The rise of social media has also given rise to cyberbullying - this includes, but not limited to, making hurtful comments online, targeting an individual or group.
Recently, a young Solomon Islander was targeted by social media groups on Facebook after his partner from the Philippines sort assistance to locate him. While some genuinely tried to help, others ridiculed, teased and posted pictures of the young man online.
This private matter became public, many people, without evidence, accused the young man of neglecting his family. With young children involved it would have been very hurtful for the young man. Over the weekend news surfaced that the young man committed suicide, a tragic end to a clear case of cyberbullying.
This sad incident has thrown to light the darker side of social media, and the devastating effect online bullying has on a person's self-esteem. According to cyberbullying statistics for 2021, cyberbullying is twice as likely to trigger suicidal thoughts in victims and it is also common for them to engage in self-harming behavior as a coping mechanism.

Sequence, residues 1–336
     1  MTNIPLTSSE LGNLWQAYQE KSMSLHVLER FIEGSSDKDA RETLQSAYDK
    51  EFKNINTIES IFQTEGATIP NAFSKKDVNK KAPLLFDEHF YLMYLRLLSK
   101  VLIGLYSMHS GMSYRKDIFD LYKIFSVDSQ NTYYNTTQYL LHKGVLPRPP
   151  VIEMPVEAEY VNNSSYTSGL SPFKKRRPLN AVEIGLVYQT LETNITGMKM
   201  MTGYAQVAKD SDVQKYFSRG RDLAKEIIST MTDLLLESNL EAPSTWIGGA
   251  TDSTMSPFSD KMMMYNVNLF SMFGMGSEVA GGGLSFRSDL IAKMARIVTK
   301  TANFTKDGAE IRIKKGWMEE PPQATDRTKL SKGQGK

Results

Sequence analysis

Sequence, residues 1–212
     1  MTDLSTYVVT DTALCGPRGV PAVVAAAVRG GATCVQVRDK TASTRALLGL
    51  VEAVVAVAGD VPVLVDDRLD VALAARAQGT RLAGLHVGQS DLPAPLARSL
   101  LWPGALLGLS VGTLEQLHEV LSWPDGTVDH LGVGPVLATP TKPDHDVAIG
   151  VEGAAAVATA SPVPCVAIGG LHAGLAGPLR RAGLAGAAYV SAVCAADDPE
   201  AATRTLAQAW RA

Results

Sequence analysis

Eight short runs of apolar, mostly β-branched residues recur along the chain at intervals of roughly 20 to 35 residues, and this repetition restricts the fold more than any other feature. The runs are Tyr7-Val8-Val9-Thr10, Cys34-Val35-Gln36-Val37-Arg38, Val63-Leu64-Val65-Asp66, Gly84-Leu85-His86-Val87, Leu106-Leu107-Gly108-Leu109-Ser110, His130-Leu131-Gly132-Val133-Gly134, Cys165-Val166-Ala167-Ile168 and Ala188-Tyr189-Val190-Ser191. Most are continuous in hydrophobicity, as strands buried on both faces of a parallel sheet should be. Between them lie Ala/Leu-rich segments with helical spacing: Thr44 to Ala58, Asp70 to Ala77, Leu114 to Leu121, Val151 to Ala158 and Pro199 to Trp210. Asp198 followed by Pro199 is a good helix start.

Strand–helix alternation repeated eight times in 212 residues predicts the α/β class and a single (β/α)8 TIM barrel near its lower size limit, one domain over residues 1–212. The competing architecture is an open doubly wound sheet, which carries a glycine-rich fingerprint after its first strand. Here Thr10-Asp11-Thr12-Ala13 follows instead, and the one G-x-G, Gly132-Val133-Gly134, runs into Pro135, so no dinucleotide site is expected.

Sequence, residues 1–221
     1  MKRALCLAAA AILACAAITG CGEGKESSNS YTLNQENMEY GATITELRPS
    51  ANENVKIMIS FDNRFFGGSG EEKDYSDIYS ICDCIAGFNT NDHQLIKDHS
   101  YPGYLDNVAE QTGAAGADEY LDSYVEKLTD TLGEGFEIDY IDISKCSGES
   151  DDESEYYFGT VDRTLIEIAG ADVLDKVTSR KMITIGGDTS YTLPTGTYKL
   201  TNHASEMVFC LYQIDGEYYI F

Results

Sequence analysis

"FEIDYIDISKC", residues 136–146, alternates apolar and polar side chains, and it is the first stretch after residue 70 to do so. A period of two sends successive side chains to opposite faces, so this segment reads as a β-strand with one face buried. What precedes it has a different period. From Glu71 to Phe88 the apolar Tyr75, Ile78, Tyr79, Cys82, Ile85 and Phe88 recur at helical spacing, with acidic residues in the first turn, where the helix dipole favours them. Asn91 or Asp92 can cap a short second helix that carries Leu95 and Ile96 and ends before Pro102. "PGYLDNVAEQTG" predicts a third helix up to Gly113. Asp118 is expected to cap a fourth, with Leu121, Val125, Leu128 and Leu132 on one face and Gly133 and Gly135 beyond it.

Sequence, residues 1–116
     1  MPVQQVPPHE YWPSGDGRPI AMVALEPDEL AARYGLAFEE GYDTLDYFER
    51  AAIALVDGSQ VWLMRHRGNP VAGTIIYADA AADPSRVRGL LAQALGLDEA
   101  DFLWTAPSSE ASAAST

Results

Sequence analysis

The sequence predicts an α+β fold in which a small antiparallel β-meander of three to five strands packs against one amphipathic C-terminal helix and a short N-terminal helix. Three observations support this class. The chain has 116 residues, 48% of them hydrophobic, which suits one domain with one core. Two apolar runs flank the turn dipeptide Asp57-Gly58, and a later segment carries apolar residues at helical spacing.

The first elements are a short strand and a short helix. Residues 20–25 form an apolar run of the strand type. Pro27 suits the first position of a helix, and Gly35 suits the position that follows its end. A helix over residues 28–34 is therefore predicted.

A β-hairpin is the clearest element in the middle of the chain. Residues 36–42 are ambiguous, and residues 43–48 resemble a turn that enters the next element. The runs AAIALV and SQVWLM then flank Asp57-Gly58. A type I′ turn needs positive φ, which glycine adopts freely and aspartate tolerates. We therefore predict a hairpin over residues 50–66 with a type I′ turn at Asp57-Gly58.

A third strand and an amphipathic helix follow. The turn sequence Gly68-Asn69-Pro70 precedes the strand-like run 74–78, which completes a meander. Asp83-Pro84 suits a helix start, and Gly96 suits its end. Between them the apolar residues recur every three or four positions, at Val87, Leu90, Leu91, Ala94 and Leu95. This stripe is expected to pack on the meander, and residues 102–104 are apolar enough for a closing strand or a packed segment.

Many countries have, or are currently pushing, to introduce prison terms as part of tougher penalties for online bullying or insults. Perhaps we should also consider such an approach, help curb such reckless behavior online. Online bullying does not resolve itself, there must be consequences.
The public debate spurred by the death of this young man is important - it is about time we have such conversations. When people cannot draw the line between constructive criticism and abuse, legal changes will most definitely help.